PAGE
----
Area

The terms Area plays a vital role in contemporary mathematics. The area is the quantity that shows the amount of space occupied by a two-dimensional figure or shape or planar lamina, in the plane. In simple words, the area can be defined as the measure (the amount) of cloth or material with a thickness provided that would be required to construct a model of the shape or the necessary amount of paint to cover the surface of the shape with a single layer, i.e. one coat. It is the two-dimensional representation of the length of a curve or the volume of a solid, where length is a one-dimensional concept and the volume is a three-dimensional related concept.

Area of Shapes

In geometry, the area of different shapes can be measured by comparing the shape to squares, which are having a fixed size. We can find the area of simple and complex shapes using certain specific methods.

1. Area of Simple Shapes

In geometry, the area of shapes like quadrilaterals, circle that means 2d shapes can be found by counting the number of squares on a sheet of paper with grids (square shaped) and using simple formulas. These are explained in detail in the below sections, along with the necessary examples.

How to Find Area by Counting Squares?

Let us see an example to understand how to find the area of a particular shape by counting the number of squares.

Example: Find the area of shapes given in the figure.

Area of shape by counting squares example

Solution:

(a) Number of completely filled squares in the figure (a) = 9

Area covered by the shape (a) = 9 x 1 = 9 sq.units

(b) Number of completely filled squares in the figure (b) = 5

Area covered by the shape (b) = 5 x 1 = 5 sq.units

(c) Number of completely filled squares in the figure (c) = 2

Number of half filled squares in this figure = 4

Area of the shape (c) = 2 × 1 + 4 × (½)

= 2 + 2

= 4 sq.units

(d) Number of completely filled squares in the fourth figure (d) = 8

Area of the shape (d) = 8 x 1 = 8 sq.units

(e) Number of completely filled squares in the last figure (e) = 10

Area of the shape (e) = 10 x 1 = 10 sq.units

From this example we can derive the following rules for counting the number of squares to find the area of a shape. These are listed below:

  • One full square with complete fill is taken as 1 square
  • More than half of the square with filling is taken as 1 square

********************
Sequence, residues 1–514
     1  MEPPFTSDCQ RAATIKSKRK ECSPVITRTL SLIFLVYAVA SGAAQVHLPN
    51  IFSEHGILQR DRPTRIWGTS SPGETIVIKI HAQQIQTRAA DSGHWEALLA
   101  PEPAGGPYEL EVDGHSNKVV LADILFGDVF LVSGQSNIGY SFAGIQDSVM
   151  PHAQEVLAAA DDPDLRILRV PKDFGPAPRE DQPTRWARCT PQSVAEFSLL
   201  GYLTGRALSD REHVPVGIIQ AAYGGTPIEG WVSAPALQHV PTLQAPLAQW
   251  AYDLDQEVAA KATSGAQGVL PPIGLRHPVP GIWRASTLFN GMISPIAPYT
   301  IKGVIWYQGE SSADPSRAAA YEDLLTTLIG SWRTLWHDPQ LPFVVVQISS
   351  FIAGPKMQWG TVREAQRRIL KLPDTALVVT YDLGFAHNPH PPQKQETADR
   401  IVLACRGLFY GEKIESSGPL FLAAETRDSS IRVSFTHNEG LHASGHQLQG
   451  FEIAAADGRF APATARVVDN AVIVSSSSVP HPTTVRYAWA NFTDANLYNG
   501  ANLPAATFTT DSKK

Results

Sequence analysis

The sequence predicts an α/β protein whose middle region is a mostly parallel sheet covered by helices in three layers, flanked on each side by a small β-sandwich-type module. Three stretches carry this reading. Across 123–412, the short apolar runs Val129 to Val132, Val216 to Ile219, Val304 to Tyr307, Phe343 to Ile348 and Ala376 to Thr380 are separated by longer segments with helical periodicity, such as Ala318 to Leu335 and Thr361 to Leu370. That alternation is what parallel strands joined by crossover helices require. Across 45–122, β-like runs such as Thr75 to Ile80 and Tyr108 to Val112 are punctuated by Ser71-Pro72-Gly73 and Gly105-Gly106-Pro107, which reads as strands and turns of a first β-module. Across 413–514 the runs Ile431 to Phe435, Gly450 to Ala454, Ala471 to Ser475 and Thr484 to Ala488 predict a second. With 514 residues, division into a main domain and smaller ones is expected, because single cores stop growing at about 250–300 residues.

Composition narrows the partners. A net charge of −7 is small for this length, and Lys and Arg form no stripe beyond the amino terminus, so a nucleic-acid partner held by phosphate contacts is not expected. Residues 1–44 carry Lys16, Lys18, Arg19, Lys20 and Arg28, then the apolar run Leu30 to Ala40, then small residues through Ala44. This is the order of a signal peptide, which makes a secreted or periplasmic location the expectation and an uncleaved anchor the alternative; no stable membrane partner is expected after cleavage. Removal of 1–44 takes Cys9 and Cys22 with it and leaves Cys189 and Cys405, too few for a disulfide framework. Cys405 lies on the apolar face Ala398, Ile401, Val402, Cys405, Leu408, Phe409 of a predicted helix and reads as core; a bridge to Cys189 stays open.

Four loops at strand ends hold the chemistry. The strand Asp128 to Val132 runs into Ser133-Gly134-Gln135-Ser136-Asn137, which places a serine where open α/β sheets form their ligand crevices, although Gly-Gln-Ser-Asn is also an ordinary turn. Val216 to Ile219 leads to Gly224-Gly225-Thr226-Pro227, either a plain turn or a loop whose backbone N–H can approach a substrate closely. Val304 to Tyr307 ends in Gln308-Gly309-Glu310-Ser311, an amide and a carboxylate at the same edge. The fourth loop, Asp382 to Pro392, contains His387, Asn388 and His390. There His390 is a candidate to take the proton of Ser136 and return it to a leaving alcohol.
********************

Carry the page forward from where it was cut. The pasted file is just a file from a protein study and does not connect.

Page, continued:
• Less than half of the square with filling is taken as 0, i.e. will not be taken for count

However, the area of shape obtained through this method is not accurate at every time. Hence, this is considered as the approximate area of the shape.

2. Area of Complex Shapes

Area of complex shapes can be found by splitting them into a group of similar simple shapes such as triangles, squares, rectangle and so on. The complex shapes are those shapes whose boundary is defined by joining several line segments.

For example, the area of the figure below can be found by making it into a group of triangles.

Area of complex shape example

This can be divided into triangles as:

Area of complex shape example 2

Area of Two-Dimensional Shapes

The area of a two-dimensional figure is defined as the amount of space covered by the shape in a two-dimensional plane.

Area Formulas

The formulas to find the area of different two dimensional figures are given below.

Name

Shape

Area

Parameters

Circle

Circle

πr2

r = Radius of the circle

Triangle

Triangle

(½)bh

b = Base

h = Height

Square

Square

a2

a = Length of the side

Rectangle

Rectangle

lb

l = Length

b = Breadth

Rhombus

Rhombus

(½)d1d2

d1 and d2 are the lengths of two diagonals

Parallelogram

Parallelogram

bh

b = Base

h = Height (distance between two parallel bases)

Area Unit

All the units of length have a corresponding unit of area, for instance the area of a square concerning the given side length. Thus, areas can be measured in square millimetres (mm2), square centimetres (cm2), square metres (m2), square kilometres (km2), square feet (ft2), square yards (yd2), square miles (mi2), and so on. Algebraically, the units of an area can be considered as the squares of the corresponding length units.

One of the important properties of the area that are common to all the shapes in geometry is that; the value of area is always greater than or equal to zero, i.e. the measure of area will not be negative in any instance.

Area Formula in Coordinate Geometry

In coordinate geometry, the area of two-dimensional shapes such as triangles and parallelograms can be found using the formulas. Here, the formula considers the coordinates of vertices of shape instead of length of the sides. The area of triangle with vertices (x1, y1), (x2, y2) and (x3, y3) is:

A = ½ [x1(y2 – y3) + x2(y3 – y1) + x3(y1 – y2)]

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